Swimming with dolphins doesn't confer any benefits, physical or mental. The dolphin-assisted therapy (DAT) might be a favoured fad among some in the West, but it is just that, nothing more, new research shows.
In a scientific paper for the journal the Archives of Disease in Childhood, paediatricians Anna Baverstock and Fiona Finlay of the Community Child Health Department in Bath have concluded that there is no reliable evidence that it actually works. If anything, they say, it may even prevent patients from seeking more effective and traditional forms of treatment.
Some tend to think that Dolphin-assisted therapy (DAT) could prove effective in the case of children with disabilities. The therapy typically occurs in marine parks and dolphinariums as part of programs that allow people to swim with dolphins. Children receiving DAT go through focused one-on-one sessions of individualized activities with a therapist (e.g., a speech, occupational, or physical therapist depending on the child's disability) where interactions with dolphins follow a child's correct cognitive, physical, or social-emotional response.
British scientists Baverstock and Finlay conducted the review because a mother was seeking medical support for her son and they needed to determine whether swimming with dolphins had any health benefits for children with cerebral palsy. They found that at best, it had the same likelihood of success - and failure - as having the patient interact with a small puppy.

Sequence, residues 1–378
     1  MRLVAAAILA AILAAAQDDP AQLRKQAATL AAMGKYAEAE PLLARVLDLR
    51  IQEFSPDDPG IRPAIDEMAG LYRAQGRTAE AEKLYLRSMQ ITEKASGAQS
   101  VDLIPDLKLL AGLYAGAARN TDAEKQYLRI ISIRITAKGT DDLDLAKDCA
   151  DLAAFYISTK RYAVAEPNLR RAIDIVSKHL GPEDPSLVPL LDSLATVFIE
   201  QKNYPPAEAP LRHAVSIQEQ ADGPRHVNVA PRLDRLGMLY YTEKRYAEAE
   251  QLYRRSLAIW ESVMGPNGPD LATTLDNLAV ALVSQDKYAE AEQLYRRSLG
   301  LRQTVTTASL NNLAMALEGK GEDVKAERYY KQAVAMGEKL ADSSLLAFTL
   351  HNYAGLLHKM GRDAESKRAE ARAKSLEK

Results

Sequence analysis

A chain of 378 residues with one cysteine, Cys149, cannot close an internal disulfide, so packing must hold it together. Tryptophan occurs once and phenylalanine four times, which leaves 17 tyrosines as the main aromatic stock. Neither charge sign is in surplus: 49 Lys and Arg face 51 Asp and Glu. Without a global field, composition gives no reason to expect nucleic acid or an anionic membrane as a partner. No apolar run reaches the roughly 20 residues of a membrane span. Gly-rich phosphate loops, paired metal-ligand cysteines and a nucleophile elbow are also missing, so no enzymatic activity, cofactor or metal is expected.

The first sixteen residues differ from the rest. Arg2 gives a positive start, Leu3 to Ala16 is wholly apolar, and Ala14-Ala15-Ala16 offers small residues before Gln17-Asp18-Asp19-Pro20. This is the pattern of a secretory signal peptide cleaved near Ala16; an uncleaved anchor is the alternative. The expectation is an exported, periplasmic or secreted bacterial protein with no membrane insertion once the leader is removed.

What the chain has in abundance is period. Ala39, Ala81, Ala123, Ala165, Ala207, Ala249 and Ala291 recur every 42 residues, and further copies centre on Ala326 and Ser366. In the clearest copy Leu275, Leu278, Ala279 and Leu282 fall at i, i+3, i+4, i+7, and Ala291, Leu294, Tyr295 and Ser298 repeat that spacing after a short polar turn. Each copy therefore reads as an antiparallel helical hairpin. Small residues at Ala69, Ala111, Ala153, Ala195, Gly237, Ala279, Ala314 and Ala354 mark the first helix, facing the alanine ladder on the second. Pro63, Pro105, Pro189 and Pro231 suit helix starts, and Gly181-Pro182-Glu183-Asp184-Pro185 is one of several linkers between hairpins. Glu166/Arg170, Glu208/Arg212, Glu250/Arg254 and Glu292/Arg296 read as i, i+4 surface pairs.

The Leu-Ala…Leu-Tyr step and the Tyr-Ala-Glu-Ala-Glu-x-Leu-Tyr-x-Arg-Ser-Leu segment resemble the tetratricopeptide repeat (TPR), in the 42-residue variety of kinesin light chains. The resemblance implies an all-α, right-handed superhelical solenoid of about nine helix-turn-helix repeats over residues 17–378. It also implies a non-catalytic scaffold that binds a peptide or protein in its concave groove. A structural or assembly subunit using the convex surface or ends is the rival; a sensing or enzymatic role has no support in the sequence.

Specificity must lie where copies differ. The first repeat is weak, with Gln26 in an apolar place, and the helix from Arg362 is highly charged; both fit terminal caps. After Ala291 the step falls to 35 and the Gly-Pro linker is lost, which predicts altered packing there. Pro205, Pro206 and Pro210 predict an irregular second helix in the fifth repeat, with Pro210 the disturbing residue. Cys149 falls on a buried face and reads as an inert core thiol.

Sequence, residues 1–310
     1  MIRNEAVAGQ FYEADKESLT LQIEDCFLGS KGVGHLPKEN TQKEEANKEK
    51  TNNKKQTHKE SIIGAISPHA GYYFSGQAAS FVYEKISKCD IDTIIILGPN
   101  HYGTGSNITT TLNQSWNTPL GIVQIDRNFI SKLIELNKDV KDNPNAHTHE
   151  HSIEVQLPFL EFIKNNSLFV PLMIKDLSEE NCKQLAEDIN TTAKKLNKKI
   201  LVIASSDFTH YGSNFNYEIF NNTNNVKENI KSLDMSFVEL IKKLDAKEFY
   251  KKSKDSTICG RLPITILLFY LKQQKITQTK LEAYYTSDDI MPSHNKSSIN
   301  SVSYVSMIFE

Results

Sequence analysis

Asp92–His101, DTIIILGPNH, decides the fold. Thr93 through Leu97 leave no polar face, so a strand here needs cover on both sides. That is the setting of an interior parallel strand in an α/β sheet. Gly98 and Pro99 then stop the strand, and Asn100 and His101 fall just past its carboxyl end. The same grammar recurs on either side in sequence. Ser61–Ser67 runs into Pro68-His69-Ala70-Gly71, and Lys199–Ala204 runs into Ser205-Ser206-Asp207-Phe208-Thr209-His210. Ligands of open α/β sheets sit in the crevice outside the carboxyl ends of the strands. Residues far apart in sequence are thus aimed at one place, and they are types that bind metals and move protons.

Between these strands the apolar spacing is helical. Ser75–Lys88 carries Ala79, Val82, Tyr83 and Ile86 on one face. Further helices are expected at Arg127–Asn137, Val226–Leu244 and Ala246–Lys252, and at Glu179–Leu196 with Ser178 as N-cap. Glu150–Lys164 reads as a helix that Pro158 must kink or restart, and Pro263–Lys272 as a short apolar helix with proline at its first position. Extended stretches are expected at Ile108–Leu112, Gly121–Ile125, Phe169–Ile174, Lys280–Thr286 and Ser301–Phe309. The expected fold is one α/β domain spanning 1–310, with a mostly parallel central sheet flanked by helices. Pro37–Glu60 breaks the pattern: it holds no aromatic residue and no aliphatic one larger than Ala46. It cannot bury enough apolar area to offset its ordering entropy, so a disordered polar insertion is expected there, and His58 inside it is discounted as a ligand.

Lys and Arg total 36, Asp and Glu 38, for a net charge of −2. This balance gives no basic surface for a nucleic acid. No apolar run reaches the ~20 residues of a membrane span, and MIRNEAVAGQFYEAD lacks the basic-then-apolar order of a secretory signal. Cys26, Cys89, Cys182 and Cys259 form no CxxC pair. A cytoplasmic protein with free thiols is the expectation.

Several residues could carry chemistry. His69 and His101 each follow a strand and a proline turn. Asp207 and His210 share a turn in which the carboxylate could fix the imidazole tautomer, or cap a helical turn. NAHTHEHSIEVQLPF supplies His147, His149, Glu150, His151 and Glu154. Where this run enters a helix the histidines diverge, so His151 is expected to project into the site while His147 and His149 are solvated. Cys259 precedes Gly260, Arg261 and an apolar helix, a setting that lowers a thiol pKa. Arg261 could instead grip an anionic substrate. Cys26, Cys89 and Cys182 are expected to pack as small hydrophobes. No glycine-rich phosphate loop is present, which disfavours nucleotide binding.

The news will come as a blow to the multi-million pound dolphin-assisted therapy industry, which insists that playing with the intelligent marine mammals can help people suffering from a wide variety of conditions.
Various enterprises operate in resorts the world over promoting trips to swim with dolphins in the wild. Other schemes involve swimming with dolphins in tanks.
Previous studies have backed the use of swimming with dolphin to help people's recovery.
In 2005, a University of Leicester team tested the effect of regular swimming sessions with dolphins on 15 depressed people in a study carried out in Honduras and published in the British Medical Journal.
The team found that symptoms improved more among this group than among another 15 who swam in the same area but did not interact with dolphins.
The idea that human interaction with dolphins may be beneficial was first formulated in the 1960s by John Lilly, who studied dolphin-human communication and suggested that dolphins could help humans learn to communicate better with one another.
Lilly's ideas were extended into the 1970s when dolphin researchers began examining the effects that interacting with dolphins appeared to have on children with neurological impairments. However, most of the empirical research on the effectiveness of dolphin-assisted therapy has been conducted in the last decade and has been carried out primarily by those who operate dolphin-assisted therapy programs and other "dolphin-swim" programs.
In a 2003 study funded by the U. S. Department of Education, Tracy L. Humphries said, "...claims of the effectiveness of using dolphins as a procedure for improving the behaviors of young children with disabilities are therefore not supported by available research evidence."